How could such a person acknowledge my feelings? Wouldn’t they feel that they were one-down as if they had a lost battle? Our interactions weren’t about nurturing the relationship, but about being manipulative to gain the upper hand. How could I then ever feel comfortable with them? How could I trust them? I know that like many other HSPs, I don’t like judging people prematurely and I want to almost talk myself out of the real discomfort and that feeling of constantly patrolling my boundaries that I felt with this person. But if someone drains me or I feel ill-used by them, then isn’t it my responsibility first to myself now? Haven’t I gone down this wrong path enough times, not heeding warning signs and red flags? I don’t think I need to figure out whether this was a narcissist or not or whether they only have narcissistic traits. What I do know is they didn’t care about my feelings. What I do know is that they play power games where they are okay with pushing someone down. Why would I then want to try to figure them out?

I think I might know everything I need to know about them. Maybe, as someone wise told me, I need to freeze my opinion of this person, instead of getting taken in and fogged up by the switch and bait. Maybe, I need to make my own safety a much higher priority.

What do you think? How have you learned to handle narcissistic people in your life?  

About Ritu Kaushal

Ritu Kaushal is the author of the book, The Empath’s Journey, which TEDx speaker Andy Mort calls “a fascinating insight into the life of a highly sensitive person and emotional empath.” Ritu is a Silver Medal awardee at the prestigious Rex Karamveer Chakra awards, co-presented by the United Nations in India, and given to people creating social impact through their work. Ritu writes about highly sensitive creatives on her site Walking Through Transitions where you can also get two free chapters of The Empath’s Journey by signing up for her newsletter.


  1. Eli on July 23, 2018 at 6:51 am

    Maybe this person was BPD. They are even made re painful this deal with. The point is to reach to a place where you see all their bullying is about their empty scared selves. It is so painful, but life throws us these people to get to a palace f assertiveness, placing ourselves first, healing traumas from past, recognizing fear and pain and finding compassion for the self(our/their).

  2. Eileen on July 23, 2018 at 6:54 am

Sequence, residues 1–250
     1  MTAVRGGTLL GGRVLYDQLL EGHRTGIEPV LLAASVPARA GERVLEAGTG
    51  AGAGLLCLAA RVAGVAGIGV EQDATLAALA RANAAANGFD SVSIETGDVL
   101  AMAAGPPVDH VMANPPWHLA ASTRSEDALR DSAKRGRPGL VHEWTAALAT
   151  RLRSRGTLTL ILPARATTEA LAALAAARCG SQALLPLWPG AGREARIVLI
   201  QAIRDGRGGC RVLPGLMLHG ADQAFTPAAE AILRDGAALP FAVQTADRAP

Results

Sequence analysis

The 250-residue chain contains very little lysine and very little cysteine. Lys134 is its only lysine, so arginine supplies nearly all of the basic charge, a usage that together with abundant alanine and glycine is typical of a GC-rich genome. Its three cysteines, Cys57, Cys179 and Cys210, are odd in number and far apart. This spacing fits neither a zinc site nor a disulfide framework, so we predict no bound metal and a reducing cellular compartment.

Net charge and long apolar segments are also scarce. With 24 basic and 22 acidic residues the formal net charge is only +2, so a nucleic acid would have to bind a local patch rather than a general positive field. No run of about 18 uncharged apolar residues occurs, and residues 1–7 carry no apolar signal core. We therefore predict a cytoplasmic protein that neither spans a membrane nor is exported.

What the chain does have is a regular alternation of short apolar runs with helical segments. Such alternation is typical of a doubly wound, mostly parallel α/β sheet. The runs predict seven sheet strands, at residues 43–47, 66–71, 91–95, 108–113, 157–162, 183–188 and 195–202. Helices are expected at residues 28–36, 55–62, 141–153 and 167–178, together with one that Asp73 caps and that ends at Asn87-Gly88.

Thanks for your writing.
    I am a HSP and it is good to understand these dynamics.

    My challenge has been that I am super guarded and have experienced an unfortunate hardening of my heart with being vigilant against people who I perceive to be harmful.

    It is with meditation and practices of meta and loving kindness that I have softened my heart yet reading your article allows me knowledge to be aware of red flags and potential harmful behaviors.
    Thank you,

    • Maria Hill on July 23, 2018 at 6:57 am

      Thanks for your thoughts, Eileen. It is hard sometimes to keep your heart open with people who are abusive and sometimes you just have to take care of yourself.

      All the best,

  3. Bart on October 19, 2018 at 3:38 am

    Thank you for the informative article, it’s been very enlightening for me.
    I’m a HSP (recently discovered, after getting romantically involved with another HSP). I’ve been with a narcissist for 12 years without even knowing it.
    I only knew shortly after separation her narcississm. Now that I know I’m HSP, it is surely much easier to understand and to deal with. I used to be, and still am, pretty good at hiding and blocking my high sensivity.

    While generally being pretty good at it, I find narcissists/psychopaths (and other manipulative people) very hard to read/feel. But this “experience” makes it easier now. For example, meeting someone who appears to be too good to be true (very easy going, very extravert, too charming for first meeting…) usually is too good to be true. Today that is enough to set a huge red flag, and run away as fast as I can.

    • Maria Hill on October 19, 2018 at 6:00 am

      Thanks for your insights, Bart. Narcissists make a point of being hard to read – deception is one of their great skills. I am glad you are out of that relationship.

      All the best,